Sen. John Fetterman, who returned to Congress this week after receiving treatment for clinical depression, is speaking out about how his tough Senate race last year worsened his mental health.
Fetterman, a Democrat from Pennsylvania, shared with People magazine in an interview published Wednesday that criticism about whether he could serve effectively following his stroke was particularly painful.
“These kinds of personal things accelerated the depression,” Fetterman said.
Fetterman checked himself into Walter Reed National Military Medical Center in February. A statement released by his office at the time said the freshman senator had dealt with “depression off and on throughout his life” but “it only became severe in recent weeks.”
“I always treated my depression like I did with losing my hair,” Fetterman told People. “It’s just kind of like, ‘Oh yeah, that’s just part of my makeup.’”
He added that he never believed his depression “was significant enough to go get help,” which he now says he regrets not doing. But he described an October debate against his opponent Mehmet Oz as somewhat of a turning point – a day he says he’ll “never forget.”
“I knew going into this debate that millions of people were going to be watching,” Fetterman said. “And it wasn’t even just for Pennsylvanians watching, this would be kind of national … [it] would be living in history.”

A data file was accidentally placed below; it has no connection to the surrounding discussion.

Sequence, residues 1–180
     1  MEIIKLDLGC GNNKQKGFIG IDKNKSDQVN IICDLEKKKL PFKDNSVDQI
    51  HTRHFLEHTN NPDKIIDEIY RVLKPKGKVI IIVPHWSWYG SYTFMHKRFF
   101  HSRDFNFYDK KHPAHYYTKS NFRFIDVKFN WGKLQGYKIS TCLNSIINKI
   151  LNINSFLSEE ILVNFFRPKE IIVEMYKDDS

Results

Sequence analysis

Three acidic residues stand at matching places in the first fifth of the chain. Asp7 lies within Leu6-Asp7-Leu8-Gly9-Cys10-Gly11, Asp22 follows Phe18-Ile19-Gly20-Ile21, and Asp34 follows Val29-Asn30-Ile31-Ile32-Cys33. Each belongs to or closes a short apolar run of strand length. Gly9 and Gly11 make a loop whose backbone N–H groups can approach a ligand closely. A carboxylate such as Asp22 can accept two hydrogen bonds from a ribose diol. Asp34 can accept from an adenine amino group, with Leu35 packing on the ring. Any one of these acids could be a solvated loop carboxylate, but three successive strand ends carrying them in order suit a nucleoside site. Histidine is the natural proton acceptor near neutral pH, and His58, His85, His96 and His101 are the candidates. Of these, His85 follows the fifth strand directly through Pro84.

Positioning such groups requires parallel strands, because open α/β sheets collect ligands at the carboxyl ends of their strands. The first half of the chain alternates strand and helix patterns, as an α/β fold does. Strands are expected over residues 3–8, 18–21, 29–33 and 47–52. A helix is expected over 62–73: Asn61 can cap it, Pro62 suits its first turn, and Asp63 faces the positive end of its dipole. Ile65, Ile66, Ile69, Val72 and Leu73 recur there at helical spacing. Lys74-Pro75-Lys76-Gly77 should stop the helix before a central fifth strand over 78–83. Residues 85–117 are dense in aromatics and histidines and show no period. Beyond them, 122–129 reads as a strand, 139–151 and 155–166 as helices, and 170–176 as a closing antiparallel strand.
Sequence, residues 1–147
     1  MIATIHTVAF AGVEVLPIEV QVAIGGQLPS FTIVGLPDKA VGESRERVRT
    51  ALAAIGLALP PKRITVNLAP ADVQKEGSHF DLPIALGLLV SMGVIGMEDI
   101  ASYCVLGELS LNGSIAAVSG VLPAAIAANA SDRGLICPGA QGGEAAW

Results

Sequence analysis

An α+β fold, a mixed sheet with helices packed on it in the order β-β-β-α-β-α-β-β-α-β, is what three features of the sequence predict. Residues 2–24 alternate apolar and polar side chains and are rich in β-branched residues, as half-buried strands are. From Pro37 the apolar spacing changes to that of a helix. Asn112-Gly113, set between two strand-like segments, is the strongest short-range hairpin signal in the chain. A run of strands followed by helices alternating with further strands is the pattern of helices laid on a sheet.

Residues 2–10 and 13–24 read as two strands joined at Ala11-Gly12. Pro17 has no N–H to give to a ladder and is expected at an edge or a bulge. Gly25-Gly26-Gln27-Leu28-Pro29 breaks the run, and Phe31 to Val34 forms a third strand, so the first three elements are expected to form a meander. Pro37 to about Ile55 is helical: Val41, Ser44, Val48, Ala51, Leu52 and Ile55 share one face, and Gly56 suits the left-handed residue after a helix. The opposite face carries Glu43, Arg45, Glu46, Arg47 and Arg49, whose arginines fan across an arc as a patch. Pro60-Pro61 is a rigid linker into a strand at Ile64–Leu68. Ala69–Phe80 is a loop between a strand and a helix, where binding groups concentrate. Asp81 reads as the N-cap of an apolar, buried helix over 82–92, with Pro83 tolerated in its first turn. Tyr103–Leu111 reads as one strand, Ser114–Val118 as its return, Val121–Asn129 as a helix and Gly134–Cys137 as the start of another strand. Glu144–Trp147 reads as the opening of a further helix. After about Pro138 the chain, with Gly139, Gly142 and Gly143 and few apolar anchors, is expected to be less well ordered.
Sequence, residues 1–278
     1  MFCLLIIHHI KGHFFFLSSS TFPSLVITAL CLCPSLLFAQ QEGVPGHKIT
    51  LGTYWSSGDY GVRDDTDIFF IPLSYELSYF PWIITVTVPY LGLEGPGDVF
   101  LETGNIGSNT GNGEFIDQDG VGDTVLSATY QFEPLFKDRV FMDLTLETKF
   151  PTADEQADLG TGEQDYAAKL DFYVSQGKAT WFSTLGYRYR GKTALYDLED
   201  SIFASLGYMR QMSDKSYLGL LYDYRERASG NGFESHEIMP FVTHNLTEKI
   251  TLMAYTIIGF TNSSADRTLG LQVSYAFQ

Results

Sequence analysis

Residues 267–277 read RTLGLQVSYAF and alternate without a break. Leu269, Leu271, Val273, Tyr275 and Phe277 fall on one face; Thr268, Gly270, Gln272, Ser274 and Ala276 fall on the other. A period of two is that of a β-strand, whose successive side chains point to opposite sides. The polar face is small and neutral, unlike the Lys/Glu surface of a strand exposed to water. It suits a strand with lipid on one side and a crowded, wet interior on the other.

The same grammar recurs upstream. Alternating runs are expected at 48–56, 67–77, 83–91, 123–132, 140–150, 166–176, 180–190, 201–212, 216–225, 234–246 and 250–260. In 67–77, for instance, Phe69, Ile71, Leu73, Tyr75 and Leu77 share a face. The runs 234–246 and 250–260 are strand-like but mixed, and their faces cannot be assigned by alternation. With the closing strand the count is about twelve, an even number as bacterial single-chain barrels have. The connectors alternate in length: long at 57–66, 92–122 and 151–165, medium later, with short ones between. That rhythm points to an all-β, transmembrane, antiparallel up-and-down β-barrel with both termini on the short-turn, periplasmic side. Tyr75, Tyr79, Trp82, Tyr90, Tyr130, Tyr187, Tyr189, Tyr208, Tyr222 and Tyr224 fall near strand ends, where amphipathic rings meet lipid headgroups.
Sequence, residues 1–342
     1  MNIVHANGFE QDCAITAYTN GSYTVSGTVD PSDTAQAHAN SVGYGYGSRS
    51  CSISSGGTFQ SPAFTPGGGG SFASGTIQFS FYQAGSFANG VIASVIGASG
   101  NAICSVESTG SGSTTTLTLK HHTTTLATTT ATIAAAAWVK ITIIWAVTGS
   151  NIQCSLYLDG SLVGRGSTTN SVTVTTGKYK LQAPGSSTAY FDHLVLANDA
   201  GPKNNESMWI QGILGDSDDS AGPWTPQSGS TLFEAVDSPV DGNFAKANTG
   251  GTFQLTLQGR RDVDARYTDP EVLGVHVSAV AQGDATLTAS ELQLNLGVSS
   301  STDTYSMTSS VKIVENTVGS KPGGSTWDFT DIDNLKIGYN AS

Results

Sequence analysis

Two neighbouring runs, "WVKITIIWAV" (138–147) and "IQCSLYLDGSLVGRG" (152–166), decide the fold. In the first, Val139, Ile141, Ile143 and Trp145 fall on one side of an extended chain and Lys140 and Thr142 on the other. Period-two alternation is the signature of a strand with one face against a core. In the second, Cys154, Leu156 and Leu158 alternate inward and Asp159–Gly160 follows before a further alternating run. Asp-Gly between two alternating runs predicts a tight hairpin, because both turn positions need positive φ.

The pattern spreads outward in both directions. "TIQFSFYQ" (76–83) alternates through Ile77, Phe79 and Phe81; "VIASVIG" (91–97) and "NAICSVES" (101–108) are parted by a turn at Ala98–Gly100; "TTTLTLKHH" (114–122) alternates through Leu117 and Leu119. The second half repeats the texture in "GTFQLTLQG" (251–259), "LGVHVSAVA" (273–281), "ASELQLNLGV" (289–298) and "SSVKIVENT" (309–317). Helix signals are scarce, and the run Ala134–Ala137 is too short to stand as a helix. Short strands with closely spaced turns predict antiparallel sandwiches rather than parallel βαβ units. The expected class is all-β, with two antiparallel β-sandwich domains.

Much of the attention heading into the debate was on Fetterman’s recovery following a stroke in May, just a few days before the Democratic primary, and how his struggle with auditory processing and speech could impact the debate. Throughout the night, he dropped words during answers and occasionally lost his train of thought, which fueled more criticism.
“I don’t have any regrets because I believe that I had a responsibility to do the debate, but after that point, to me, that was where the depression really started to set in,” Fetterman said.
His victory was “the moment of concern,” according to his wife, Gisele.
“After he won, you expect someone to be at their highest and really happy and celebratory,” Barreto Fetterman told People. “And after winning, he seemed to be at the lowest.”
Fetterman described that following the election, he had “stopped eating and drinking and I wasn’t functional.” At the time of his swearing-in ceremony, he added, “My depression was in full force.”
After a little over a month in office, Fetterman made the decision to seek treatment for his depression after talking to his family and team, and after six weeks of care, he was discharged from Walter Reed.
“When I first checked in, I never thought I would be where I’m at here,” Fetterman told the magazine, and described feeling “joyous” and “free of pain.”
Fetterman’s decision to seek treatment opened up a broader conversation on Capitol Hill about mental health and the senator is encouraging people to pay attention to their mental health.
“I want everyone to know that depression is treatable, and treatment works,” Fetterman said in a statement after his release. “This isn’t about politics — right now there are people who are suffering with depression in red counties and blue counties. If you need help, please get help.”